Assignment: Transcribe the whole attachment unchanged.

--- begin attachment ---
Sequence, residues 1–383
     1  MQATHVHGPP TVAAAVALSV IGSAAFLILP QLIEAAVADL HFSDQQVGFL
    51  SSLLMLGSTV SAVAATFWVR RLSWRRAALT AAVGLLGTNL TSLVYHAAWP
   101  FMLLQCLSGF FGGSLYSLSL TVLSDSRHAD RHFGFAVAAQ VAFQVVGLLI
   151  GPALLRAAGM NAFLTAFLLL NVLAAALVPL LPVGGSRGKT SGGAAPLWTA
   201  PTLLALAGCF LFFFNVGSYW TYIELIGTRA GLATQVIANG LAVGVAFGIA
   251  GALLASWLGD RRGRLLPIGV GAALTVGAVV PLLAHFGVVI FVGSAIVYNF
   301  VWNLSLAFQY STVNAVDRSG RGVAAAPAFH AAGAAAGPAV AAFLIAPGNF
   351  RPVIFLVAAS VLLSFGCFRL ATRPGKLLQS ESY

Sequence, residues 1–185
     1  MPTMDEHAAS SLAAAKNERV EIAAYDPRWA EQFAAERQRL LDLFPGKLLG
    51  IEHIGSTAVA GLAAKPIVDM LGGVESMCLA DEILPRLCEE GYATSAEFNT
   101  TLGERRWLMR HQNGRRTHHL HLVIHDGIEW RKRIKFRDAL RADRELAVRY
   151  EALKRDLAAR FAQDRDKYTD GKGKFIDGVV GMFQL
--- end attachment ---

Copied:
Sequence, residues 1–383
     1  MQATHVHGPP TVAAAVALSV IGSAAFLILP QLIEAAVADL HFSDQQVGFL
    51  SSLLMLGSTV SAVAATFWVR RLSWRRAALT AAVGLLGTNL TSLVYHAAWP
   101  FMLLQCLSGF FGGSLYSLSL TVLSDSRHAD RHFGFAVAAQ VAFQVVGLLI
   151  GPALLRAAGM NAFLTAFLLL NVLAAALVPL LPVGGSRGKT SGGAAPLWTA
   201  PTLLALAGCF LFFFNVGSYW TYIELIGTRA GLATQVIANG LAVGVAFGIA
   251  GALLASWLGD RRGRLLPIGV GAALTVGAVV PLLAHFGVVI FVGSAIVYNF
   301  VWNLSLAFQY STVNAVDRSG RGVAAAPAFH AAGAAAGPAV AAFLIAPGNF
   351  RPVIFLVAAS VLLSFGCFRL ATRPGKLLQS ESY

Sequence, residues 1–185
     1  MPTMDEHAAS SLAAAKNERV EIAAYDPRWA EQFAAERQRL LDLFPGKLLG
    51  IEHIGSTAVA GLAAKPIVDM LGGVESMCLA DEILPRLCEE GYATSAEFNT
   101  TLGERRWLMR HQNGRRTHHL HLVIHDGIEW RKRIKFRDAL RADRELAVRY
   151  EALKRDLAAR FAQDRDKYTD GKGKFIDGVV GMFQL